In the previous article we discussed the greatness of inviting guests. We
will now define exactly what this mitzva (commandment) entails:
When a person encounters someone who traveling and in need of food and/or
shelter, it is incumbent upon him to supply the traveler with his needs.
This mitzva also applies to people who are poor and do not have enough
food or sufficient shelter. Of course, it is a mitzva to host anyone,
however, the mitzva is greatest when the guests are more in need.
The main components of this mitzva are offering food and drink to the
person and accompanying him out of the house when he leaves and show him
the safest way to return to his place of lodging (this is known as leviya
in hebrew). This accompanying was more important in the past when it was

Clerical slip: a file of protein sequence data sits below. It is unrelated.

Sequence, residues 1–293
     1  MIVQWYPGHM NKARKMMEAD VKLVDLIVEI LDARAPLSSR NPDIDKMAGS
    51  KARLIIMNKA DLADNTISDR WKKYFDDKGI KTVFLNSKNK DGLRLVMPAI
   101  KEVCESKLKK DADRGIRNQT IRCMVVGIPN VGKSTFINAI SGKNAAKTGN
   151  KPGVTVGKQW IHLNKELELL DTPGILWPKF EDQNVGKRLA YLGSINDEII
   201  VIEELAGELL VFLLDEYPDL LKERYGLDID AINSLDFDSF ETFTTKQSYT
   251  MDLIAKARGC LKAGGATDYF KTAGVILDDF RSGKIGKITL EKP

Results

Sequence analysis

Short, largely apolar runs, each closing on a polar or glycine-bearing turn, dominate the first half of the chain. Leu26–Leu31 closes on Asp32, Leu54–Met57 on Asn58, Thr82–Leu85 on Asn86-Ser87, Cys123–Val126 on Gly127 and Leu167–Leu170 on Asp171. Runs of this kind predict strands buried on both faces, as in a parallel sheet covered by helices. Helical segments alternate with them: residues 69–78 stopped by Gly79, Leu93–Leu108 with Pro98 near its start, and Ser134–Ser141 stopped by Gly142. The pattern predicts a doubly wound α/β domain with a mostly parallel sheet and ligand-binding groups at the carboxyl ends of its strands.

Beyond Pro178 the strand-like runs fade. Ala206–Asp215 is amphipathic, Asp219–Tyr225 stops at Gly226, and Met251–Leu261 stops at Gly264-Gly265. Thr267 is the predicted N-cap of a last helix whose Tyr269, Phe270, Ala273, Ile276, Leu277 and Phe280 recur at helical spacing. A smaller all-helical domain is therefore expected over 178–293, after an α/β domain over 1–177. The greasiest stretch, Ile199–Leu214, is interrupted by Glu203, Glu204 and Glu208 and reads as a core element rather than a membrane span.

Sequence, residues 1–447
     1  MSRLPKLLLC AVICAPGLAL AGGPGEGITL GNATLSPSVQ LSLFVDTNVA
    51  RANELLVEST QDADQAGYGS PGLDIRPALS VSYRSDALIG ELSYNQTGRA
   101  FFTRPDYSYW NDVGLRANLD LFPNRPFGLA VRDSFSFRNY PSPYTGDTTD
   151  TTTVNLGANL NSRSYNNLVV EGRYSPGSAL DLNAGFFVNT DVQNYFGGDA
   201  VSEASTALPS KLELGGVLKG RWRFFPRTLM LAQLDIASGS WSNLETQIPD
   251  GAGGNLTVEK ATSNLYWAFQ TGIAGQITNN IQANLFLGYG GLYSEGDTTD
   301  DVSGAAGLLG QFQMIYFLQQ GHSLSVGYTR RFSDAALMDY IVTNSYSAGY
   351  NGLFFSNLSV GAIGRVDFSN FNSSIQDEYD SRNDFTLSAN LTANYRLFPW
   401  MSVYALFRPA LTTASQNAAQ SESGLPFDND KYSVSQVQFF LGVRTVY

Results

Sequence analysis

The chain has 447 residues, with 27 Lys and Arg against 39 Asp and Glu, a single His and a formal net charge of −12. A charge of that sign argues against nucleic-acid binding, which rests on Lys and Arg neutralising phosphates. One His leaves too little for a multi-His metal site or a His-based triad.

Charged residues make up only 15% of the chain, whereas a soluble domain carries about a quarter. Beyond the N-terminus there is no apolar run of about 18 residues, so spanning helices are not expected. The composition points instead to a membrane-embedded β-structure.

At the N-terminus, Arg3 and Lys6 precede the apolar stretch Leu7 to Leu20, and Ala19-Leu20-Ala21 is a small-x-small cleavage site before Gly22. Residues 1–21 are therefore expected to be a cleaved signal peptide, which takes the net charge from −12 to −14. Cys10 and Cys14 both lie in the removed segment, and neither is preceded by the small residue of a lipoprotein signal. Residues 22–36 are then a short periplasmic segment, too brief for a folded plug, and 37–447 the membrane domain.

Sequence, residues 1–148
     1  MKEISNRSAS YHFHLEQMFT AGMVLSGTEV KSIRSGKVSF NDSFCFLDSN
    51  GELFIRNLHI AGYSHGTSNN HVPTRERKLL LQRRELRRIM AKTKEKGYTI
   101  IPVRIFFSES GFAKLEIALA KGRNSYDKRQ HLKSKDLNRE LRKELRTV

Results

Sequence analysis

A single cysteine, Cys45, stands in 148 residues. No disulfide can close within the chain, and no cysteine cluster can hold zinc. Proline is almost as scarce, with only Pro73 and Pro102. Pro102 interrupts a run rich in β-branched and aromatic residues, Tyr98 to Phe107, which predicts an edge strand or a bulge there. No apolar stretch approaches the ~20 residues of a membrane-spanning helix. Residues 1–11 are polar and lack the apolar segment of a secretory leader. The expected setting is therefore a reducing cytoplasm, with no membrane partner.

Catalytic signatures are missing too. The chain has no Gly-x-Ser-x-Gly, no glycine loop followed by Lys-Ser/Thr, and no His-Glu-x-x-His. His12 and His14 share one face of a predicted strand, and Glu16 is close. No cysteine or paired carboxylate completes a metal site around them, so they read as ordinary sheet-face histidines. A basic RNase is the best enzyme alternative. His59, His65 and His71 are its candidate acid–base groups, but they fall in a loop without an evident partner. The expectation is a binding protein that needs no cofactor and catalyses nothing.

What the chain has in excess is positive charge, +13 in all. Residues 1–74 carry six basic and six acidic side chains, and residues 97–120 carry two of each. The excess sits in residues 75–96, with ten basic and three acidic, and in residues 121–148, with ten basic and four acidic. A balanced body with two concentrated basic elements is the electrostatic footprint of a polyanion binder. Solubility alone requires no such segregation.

genuinely dangerous to go out alone in the night. Nowadays, when there is
normally good lighting on the streets and people normally know the way
home, it is not necessary to accompany them all the way home however one
should still accompany them until the exit or a few meters - this gives
the guest a sense of importance.
The host should strive to satisfy all the needs of his guest, including a
place to wash himself and to rest if necessary.
It is advisable if possible to have a spare room available which is set
aside for hosting guests.
Even a poor person should strive to host others if possible, however he
must put himself and his family first and foremost.
This mitzva is highly prevalent in Orthodox circles. Many communities
have organizations or individuals who take it upon themselves to ensure
that visitors have accommodation. People who become more observant are
pleasantly surprised by the extent of having guests in Observant
communities. It is very common that complete strangers will host numerous
people to their house, providing them with lavish meals and offering
accommodation. This is an excellent illustration of the Torah’s approach
to interpersonal relationships. The Torah sees the Jewish people as one
family, and therefore it is only natural that a Jew will gladly invite any
fellow family member to his home.